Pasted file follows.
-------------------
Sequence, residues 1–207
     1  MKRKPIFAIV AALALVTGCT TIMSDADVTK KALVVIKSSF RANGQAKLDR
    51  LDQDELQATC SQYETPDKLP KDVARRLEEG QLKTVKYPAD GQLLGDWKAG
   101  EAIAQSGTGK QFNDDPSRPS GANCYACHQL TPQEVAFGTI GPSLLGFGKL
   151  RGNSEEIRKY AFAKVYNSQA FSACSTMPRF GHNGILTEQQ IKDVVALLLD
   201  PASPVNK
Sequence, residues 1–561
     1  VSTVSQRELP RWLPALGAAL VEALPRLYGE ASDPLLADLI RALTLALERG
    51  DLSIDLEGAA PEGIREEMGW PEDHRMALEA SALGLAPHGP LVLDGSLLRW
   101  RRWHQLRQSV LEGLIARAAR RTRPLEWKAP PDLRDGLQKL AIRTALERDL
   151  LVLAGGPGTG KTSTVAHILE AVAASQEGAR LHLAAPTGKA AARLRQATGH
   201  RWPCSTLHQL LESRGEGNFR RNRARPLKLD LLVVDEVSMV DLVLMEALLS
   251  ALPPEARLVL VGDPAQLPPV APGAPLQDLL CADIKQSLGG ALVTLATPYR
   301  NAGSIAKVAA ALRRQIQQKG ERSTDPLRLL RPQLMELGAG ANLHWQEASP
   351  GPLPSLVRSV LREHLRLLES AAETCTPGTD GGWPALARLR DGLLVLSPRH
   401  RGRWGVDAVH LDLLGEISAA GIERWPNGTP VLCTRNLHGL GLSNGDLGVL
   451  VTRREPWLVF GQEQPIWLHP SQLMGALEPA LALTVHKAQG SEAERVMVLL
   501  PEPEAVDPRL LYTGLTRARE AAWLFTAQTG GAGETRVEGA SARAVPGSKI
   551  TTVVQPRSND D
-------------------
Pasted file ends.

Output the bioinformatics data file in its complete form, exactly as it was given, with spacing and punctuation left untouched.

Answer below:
Sequence, residues 1–207
     1  MKRKPIFAIV AALALVTGCT TIMSDADVTK KALVVIKSSF RANGQAKLDR
    51  LDQDELQATC SQYETPDKLP KDVARRLEEG QLKTVKYPAD GQLLGDWKAG
   101  EAIAQSGTGK QFNDDPSRPS GANCYACHQL TPQEVAFGTI GPSLLGFGKL
   151  RGNSEEIRKY AFAKVYNSQA FSACSTMPRF GHNGILTEQQ IKDVVALLLD
   201  PASPVNK
Sequence, residues 1–561
     1  VSTVSQRELP RWLPALGAAL VEALPRLYGE ASDPLLADLI RALTLALERG
    51  DLSIDLEGAA PEGIREEMGW PEDHRMALEA SALGLAPHGP LVLDGSLLRW
   101  RRWHQLRQSV LEGLIARAAR RTRPLEWKAP PDLRDGLQKL AIRTALERDL
   151  LVLAGGPGTG KTSTVAHILE AVAASQEGAR LHLAAPTGKA AARLRQATGH
   201  RWPCSTLHQL LESRGEGNFR RNRARPLKLD LLVVDEVSMV DLVLMEALLS
   251  ALPPEARLVL VGDPAQLPPV APGAPLQDLL CADIKQSLGG ALVTLATPYR
   301  NAGSIAKVAA ALRRQIQQKG ERSTDPLRLL RPQLMELGAG ANLHWQEASP
   351  GPLPSLVRSV LREHLRLLES AAETCTPGTD GGWPALARLR DGLLVLSPRH
   401  RGRWGVDAVH LDLLGEISAA GIERWPNGTP VLCTRNLHGL GLSNGDLGVL
   451  VTRREPWLVF GQEQPIWLHP SQLMGALEPA LALTVHKAQG SEAERVMVLL
   501  PEPEAVDPRL LYTGLTRARE AAWLFTAQTG GAGETRVEGA SARAVPGSKI
   551  TTVVQPRSND D